in Histories of nursing practice
Two sides of the same unequal coin?
Asim A. Sheikh

6 Patient autonomy and responsibilities within the patient–doctor partnership: two sides of the same unequal coin? Asim A. Sheikh Introduction The autonomous patient has the ability to engage with a healthcare provider in relation to his or her health on a wide range of issues. This ability and control are central to a patient’s autonomy and self-­determination. This chapter will consider whether this ability confers both rights and responsibilities upon patients. It asks whether the language and idea of the healthcare provider and healthcare receiver (‘doctor

in Ethical and legal debates in Irish healthcare
Perspectives from the Neary and Halappanavar cases
Heike Felzmann

12 Governance failures and organisational ethics: perspectives from the Neary and Halappanavar cases Heike Felzmann Introduction While the majority of the professional healthcare ethics literature and in particular professional guidance documents focus primarily on individual accountability and responsibilities of healthcare professionals towards patients, colleagues and the public, the significance of the organisational context for ethical behaviour is considered much less frequently. Yet, in official reports on high profile Irish cases, such as the Lourdes

in Ethical and legal debates in Irish healthcare
Ruth Fletcher

responds to these concerns by arguing for a harm reduction approach to conscientious objection. Those who wish to refuse provision of healthcare in spite of a legal obligation, and those who wish to provide healthcare in spite of a legal prohibition, may be harmed by having to act against their most intimate convictions. Moreover, public reasoning about the proper scope of healthcare provision could be disadvantaged by a failure to recognise a space for critical consciousness. The need to reduce the risk of harm to women, whose lawful entitlement to access abortion has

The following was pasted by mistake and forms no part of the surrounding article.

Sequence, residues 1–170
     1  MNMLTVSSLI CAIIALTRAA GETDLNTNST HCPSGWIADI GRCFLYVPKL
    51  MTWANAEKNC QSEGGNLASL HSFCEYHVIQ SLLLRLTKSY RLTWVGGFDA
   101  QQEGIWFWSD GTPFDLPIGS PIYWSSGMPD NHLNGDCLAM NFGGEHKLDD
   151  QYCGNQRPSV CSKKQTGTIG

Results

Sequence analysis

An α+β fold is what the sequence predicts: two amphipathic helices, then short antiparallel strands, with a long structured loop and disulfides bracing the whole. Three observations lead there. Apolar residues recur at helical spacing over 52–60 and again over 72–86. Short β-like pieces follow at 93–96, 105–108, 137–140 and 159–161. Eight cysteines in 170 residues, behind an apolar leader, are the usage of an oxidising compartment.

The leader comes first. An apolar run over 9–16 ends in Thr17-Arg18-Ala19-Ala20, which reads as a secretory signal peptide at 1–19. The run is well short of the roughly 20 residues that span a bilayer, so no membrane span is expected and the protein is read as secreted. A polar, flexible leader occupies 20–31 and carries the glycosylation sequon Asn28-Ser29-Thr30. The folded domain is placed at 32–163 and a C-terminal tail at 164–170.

in Ethical and legal debates in Irish healthcare
An exploration of the role of autonomy in the debate about assisted suicide
Louise Campbell

variously that such claims distort the ‘true’ meaning of autonomy, that decriminalising assistance in dying will violate the autonomy of vulnerable persons, and that autonomy should not take priority when its exercise threatens the rights or interests of healthcare professionals, family members or others. The purpose of the present discussion is to examine the role played by the concept of autonomy in the discussion of assisted suicide, using as a point of reference the case of Marie Fleming, the first challenge to the prohibition on assistance in dying to be heard by the

in Ethical and legal debates in Irish healthcare